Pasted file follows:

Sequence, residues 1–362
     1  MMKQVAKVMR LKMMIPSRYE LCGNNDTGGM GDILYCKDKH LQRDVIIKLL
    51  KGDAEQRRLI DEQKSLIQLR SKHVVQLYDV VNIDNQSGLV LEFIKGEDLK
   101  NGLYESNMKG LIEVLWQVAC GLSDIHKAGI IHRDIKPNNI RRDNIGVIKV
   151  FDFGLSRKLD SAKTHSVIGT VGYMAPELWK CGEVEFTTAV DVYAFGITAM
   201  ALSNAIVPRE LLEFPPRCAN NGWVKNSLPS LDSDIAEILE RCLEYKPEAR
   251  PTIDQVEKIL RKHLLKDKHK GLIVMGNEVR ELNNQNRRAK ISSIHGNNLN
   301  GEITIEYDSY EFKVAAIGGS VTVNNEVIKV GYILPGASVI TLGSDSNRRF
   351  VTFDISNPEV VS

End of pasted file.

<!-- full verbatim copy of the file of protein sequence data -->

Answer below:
Sequence, residues 1–362
     1  MMKQVAKVMR LKMMIPSRYE LCGNNDTGGM GDILYCKDKH LQRDVIIKLL
    51  KGDAEQRRLI DEQKSLIQLR SKHVVQLYDV VNIDNQSGLV LEFIKGEDLK
   101  NGLYESNMKG LIEVLWQVAC GLSDIHKAGI IHRDIKPNNI RRDNIGVIKV
   151  FDFGLSRKLD SAKTHSVIGT VGYMAPELWK CGEVEFTTAV DVYAFGITAM
   201  ALSNAIVPRE LLEFPPRCAN NGWVKNSLPS LDSDIAEILE RCLEYKPEAR
   251  PTIDQVEKIL RKHLLKDKHK GLIVMGNEVR ELNNQNRRAK ISSIHGNNLN
   301  GEITIEYDSY EFKVAAIGGS VTVNNEVIKV GYILPGASVI TLGSDSNRRF
   351  VTFDISNPEV VS